Poker theory and strategy has expanded by leaps and bounds since the poker boom brought in a whole swath of new, young, mathematically inclined players. But before concepts like polarized vs. merged ranges, GTO 3- and 4-betting ranges, and ICM, were bandied about on the forums, poker theory was simpler and more generalized.
Back in the 1980’s and 1990’s the only strategy anyone gave any credence to was a tight-aggressive approach, and theory was for the most part abstract. Since it was tight-aggressive or the highway, it was the theory part of poker that was most often debated on an abstract level.
Poker theory pre-poker boom
In the days just before the poker boom, when computer simulations were still in their infancy, the poker-verse was focused on more general concepts like schooling, Morton’s Theorem, and perhaps the most well known poker theory ever introduced – David Sklansky’s Fundamental Theorem of Poker.
It was a combination of poker theory and first-hand experience that players relied upon to formulate their strategies, but as soon as it was introduced the fundamental theorem of poker was front and center in just about everything players did, and impacted every theory discussion from then on.
The Fundamental Theorem of Poker was taken as fact.
Sklansky’s Fundamental Theorem of Poker states:
“Every time you play a hand differently from the way you would have played it if you could see all your opponents’ cards, they gain; and every time you play your hand the same way you would have played it if you could see all their cards, they lose. Conversely, every time opponents play their hands differently from the way they would have if they could see all your cards, you gain; and every time they play their hands the same way they would have played if they could see all your cards, you lose.”
It should also be noted that the fundamental theorem was only considered 100% applicable for heads-up play, not multi-way pots, although it did have a lot of validity in those circumstances as well.
As obvious (or as simple) as this seems in the modern poker world, back in the 1990’s this was mind blowing stuff, and was only disseminated to a very small group of poker players who purchased Sklansky’s book the Theory of Poker, or were active on the earliest poker forums, which was actually a newsgroup called Rec.Gambling.Poker or RGP.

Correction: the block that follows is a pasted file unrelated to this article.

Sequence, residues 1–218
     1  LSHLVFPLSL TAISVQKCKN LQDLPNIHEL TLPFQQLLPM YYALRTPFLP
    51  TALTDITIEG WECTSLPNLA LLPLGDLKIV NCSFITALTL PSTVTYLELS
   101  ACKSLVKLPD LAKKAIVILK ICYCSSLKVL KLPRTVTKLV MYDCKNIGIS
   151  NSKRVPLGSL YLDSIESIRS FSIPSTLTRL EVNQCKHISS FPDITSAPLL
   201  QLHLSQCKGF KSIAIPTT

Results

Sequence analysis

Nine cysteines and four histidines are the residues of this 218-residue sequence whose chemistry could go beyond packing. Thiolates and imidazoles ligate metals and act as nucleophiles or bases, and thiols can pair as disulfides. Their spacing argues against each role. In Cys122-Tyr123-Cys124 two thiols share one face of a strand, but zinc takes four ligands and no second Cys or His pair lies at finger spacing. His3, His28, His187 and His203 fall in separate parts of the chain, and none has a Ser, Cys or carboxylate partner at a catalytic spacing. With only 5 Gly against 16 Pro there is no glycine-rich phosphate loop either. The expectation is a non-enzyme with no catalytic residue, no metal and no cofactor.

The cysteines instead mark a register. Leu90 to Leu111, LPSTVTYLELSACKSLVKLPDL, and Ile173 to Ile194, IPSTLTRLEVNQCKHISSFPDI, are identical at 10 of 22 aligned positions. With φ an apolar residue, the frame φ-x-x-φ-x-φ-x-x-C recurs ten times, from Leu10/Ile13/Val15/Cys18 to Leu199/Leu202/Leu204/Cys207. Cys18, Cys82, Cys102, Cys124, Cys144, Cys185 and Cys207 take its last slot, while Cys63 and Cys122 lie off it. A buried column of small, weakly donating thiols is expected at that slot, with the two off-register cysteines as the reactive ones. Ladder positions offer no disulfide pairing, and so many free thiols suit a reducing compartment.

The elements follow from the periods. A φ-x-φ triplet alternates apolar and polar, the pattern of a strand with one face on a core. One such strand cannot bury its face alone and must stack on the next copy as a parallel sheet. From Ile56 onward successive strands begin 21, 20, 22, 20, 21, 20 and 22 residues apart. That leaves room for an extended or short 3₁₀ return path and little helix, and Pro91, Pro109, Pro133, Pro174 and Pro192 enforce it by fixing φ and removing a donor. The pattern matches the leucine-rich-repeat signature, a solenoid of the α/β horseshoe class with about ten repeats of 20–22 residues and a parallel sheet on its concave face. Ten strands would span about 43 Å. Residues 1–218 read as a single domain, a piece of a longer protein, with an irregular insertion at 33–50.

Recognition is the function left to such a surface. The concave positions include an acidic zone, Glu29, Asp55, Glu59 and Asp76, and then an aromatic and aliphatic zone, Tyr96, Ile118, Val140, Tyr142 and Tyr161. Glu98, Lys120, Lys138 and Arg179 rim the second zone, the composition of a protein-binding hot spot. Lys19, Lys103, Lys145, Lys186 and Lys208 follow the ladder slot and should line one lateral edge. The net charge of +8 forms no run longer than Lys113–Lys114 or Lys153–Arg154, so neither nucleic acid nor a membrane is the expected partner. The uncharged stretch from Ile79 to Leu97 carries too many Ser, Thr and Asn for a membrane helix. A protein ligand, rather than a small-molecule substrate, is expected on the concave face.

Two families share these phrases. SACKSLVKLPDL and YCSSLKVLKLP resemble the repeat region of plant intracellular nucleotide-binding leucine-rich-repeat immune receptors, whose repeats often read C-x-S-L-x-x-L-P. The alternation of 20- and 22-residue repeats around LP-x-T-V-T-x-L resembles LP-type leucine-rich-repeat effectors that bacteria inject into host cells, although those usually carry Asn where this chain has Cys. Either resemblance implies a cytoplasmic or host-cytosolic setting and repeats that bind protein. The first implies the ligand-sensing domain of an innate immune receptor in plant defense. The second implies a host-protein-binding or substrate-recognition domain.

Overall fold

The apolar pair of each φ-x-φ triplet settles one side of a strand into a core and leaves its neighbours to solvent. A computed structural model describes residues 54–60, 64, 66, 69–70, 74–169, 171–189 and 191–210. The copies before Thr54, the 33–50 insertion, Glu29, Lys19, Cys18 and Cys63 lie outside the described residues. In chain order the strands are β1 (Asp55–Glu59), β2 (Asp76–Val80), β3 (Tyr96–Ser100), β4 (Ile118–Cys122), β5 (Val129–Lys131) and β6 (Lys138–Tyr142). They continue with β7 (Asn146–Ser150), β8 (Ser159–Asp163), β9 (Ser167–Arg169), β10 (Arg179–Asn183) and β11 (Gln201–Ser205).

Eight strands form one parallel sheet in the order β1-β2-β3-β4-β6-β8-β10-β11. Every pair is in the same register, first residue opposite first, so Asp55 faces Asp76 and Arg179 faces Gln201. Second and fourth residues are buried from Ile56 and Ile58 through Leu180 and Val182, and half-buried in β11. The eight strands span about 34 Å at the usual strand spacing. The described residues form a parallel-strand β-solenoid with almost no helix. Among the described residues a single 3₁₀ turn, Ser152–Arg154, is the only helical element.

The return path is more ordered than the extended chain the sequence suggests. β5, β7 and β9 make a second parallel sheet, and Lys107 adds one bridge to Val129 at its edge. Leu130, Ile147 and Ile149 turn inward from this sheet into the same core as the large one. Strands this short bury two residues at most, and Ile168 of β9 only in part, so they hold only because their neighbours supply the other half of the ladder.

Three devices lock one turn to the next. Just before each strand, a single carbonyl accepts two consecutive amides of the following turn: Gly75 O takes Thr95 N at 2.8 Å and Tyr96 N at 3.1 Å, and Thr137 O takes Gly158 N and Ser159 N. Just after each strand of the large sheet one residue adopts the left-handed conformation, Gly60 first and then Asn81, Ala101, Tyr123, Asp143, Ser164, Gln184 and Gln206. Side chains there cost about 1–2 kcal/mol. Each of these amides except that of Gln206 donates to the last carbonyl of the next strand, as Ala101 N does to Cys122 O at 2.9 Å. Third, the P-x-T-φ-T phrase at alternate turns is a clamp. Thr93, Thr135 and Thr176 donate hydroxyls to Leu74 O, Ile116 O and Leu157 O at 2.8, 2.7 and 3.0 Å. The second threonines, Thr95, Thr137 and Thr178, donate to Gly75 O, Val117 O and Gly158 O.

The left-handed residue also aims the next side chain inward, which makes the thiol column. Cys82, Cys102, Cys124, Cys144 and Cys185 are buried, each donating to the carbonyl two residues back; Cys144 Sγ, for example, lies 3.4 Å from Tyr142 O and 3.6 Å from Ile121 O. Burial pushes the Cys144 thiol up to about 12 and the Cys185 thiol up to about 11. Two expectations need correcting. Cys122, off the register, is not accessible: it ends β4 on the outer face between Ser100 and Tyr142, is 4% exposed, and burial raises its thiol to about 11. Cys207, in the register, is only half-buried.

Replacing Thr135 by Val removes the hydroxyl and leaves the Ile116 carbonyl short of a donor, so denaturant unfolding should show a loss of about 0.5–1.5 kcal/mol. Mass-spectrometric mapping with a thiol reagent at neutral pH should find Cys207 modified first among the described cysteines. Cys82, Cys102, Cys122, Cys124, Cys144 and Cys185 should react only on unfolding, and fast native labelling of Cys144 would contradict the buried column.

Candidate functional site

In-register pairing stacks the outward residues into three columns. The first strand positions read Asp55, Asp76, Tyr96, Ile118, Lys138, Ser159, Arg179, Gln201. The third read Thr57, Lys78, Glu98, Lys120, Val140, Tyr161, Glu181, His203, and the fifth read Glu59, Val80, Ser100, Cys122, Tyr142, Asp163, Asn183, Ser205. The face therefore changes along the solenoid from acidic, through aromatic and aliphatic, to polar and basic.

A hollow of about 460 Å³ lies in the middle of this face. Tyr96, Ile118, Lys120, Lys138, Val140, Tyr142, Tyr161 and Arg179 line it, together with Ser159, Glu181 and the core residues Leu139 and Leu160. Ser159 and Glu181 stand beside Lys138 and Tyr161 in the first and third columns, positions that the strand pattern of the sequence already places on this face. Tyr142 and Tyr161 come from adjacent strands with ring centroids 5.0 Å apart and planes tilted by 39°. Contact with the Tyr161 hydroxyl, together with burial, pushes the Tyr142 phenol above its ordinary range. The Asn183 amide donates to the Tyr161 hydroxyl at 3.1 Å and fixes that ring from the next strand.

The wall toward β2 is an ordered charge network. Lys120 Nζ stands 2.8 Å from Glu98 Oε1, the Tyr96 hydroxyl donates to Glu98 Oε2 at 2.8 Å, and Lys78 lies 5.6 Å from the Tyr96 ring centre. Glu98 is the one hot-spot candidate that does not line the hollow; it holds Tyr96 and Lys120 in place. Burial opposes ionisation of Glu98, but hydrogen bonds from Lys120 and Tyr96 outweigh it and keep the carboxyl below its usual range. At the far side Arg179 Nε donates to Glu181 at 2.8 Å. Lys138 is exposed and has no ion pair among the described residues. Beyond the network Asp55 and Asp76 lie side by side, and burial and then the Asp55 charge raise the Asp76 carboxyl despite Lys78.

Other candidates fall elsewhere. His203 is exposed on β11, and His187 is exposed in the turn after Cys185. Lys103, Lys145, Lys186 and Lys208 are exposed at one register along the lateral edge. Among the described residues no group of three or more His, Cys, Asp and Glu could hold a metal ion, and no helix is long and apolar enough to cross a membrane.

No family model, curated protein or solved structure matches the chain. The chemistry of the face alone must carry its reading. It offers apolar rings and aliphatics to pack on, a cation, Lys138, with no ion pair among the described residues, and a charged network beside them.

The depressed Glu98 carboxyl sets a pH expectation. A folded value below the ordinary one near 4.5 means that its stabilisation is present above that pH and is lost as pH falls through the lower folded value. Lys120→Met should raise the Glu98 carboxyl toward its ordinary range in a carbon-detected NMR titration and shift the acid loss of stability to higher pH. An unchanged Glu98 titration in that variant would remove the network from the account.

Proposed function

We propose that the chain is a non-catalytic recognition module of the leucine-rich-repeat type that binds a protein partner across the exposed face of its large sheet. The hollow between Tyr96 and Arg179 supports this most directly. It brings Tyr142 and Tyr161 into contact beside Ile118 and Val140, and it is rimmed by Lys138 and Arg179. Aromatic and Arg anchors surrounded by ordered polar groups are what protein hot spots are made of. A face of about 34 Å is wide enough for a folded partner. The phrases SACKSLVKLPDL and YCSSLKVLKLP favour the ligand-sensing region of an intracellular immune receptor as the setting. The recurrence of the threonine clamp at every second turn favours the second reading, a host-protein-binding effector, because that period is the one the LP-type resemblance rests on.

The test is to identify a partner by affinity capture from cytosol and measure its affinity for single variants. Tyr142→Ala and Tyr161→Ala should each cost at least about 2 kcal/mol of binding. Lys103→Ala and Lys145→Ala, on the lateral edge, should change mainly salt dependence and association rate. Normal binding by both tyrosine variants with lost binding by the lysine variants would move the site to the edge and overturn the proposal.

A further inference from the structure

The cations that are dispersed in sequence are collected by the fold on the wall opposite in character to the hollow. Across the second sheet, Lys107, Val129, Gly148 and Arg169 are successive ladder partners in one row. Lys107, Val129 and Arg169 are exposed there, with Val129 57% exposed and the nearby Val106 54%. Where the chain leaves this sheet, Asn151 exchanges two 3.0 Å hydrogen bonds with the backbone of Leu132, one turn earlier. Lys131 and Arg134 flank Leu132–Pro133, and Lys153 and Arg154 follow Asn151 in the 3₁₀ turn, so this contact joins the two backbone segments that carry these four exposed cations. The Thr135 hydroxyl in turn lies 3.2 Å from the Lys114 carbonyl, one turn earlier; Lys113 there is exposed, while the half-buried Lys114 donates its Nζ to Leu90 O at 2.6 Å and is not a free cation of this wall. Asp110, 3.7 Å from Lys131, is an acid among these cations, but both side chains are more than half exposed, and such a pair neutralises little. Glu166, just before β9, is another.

Back at this time people were still considering whether or not it’s better to keep an opponent around with smaller bets or to end the hand immediately with a larger bet if you held a marginal hand, and three betting was almost always AA or KK, and four- or five-betting was about as common as snow in Miami.
Theory of Poker stands the test of time
The Fundamental Theorem of Poker first appeared in David Sklansky’s Theory of Poker which was published in 1987, and for nearly 20 years the Fundamental Theorem of Poker was/is for all intents and purposes the sole truth in the poker world, with just about every strategy and theory linking back to Sklansky’s theorem in some way.
The reason it was so popular, and treated as poker’s infallible theory was it worked.
People who followed the concepts in Theory of Poker (all based on the Fundamental Theorem) were almost guaranteed to be winners at the poker tables. Fortunately it wasn’t a widely read book and most people only understood it at a cursory level.
The book, Theory of Poker was basically the top-rated and most recommended poker book in existence from its publication until the mid-2000’s, when new strategies and theories were formed and the Fundamental Theorem started to show some cracks in its concreteness.
Still, Theory of Poker was a game-changer when it comes to poker books. Sklansky, along with Mason Malmuth (whose company 2+2 published the book) were both already considered prolific and expert poker and gambling authors, but it was Theory of Poker that put Sklansky on the map as THE poker strategist.
For someone just getting into poker I still think Theory of Poker (even though it is some 15 years old, and theory and strategy have evolved so much since it was first published) would be an excellent first read.
In part because of the Fundamental Theorem of Poker, Theory of Poker will go down as one of the all-time poker books, an absolute game-changer for the game much like Doyle Brunson’s Super System, Dan Harrington’s Harrington on Holdem, or Cole South and Tri Nguyen’s Let There Be Range.
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